Waterspouts are a type of whirlwind comprised of rapidly rotating columns of air that form over lakes or, rarely, oceans. They look like tornadoes, connecting a cloud to the surface of a body of water.

Unlike tornadoes, waterspouts don't necessarily require severe thunderstorms to generate or continue their motion. A tornadic waterspout is just like a tornado, only on water, and happen in the most exceptional situations. The more common waterspout is non-tornadic. These are caused by an updraft meeting a water rotation near the surface of the body. In this case, a funnel of rotating air is formed between the surface of the water and the base of a (typically congestus) cloud. They are fairly common in late summer and early fall, when the warm surface temperatures combine with cold air currents to create strong updrafts and instability in the weather.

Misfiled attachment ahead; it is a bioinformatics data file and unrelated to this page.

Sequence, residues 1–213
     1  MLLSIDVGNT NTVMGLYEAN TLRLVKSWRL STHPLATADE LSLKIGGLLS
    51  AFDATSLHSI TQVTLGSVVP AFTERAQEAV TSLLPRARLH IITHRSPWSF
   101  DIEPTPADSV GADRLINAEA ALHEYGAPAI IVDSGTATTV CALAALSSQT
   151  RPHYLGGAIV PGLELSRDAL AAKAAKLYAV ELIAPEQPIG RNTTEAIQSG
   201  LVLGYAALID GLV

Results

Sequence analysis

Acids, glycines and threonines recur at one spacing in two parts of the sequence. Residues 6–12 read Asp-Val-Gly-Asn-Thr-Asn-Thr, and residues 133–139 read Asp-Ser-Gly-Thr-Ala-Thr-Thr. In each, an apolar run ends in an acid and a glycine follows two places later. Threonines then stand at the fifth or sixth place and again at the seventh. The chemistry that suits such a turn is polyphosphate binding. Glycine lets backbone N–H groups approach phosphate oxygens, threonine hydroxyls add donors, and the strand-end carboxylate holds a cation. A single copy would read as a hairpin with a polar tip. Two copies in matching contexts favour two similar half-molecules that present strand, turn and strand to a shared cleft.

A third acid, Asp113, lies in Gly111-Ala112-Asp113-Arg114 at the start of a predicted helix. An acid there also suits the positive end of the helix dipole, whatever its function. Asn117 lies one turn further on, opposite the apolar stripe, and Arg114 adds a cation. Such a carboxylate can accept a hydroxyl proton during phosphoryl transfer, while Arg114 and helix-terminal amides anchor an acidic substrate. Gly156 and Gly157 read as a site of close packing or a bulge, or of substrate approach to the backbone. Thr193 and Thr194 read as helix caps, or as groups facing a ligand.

While there can be a cluster of waterspouts, they are typically single entities. Although waterspouts are wet, they aren't actually lifting much water from the lake or ocean; rather it is the condensation of the low air pressure inside the funnel which produces the wetness. Waterspouts usually begin as a shadow or dark spot on the water, where rotating air is distorting the surface. In no time at all, the fully formed waterspout will begin to curve along the water until cooler air enters the funnel and causes it to dissipate.

Wa"ter*spout` (?), n.

A remarkable meteorological phenomenon, of the nature of a tornado or whirlwind, usually observed over the sea, but sometimes over the land.

⇒ Tall columns, apparently of cloud, and reaching from the sea to the clouds, are seen moving along, often several at once, sometimes straight and vertical, at other times inclined and tortuous, but always in rapid rotation. At their bases, the sea is violently agitated and heaped up with a leaping or boiling motion, water, at least in some cases, being actually carried up in considerable quantity, and scattered round from a great height, as solid bodies are by tornadoes on land.

Sir J. Herschel.

 

© Webster 1913.

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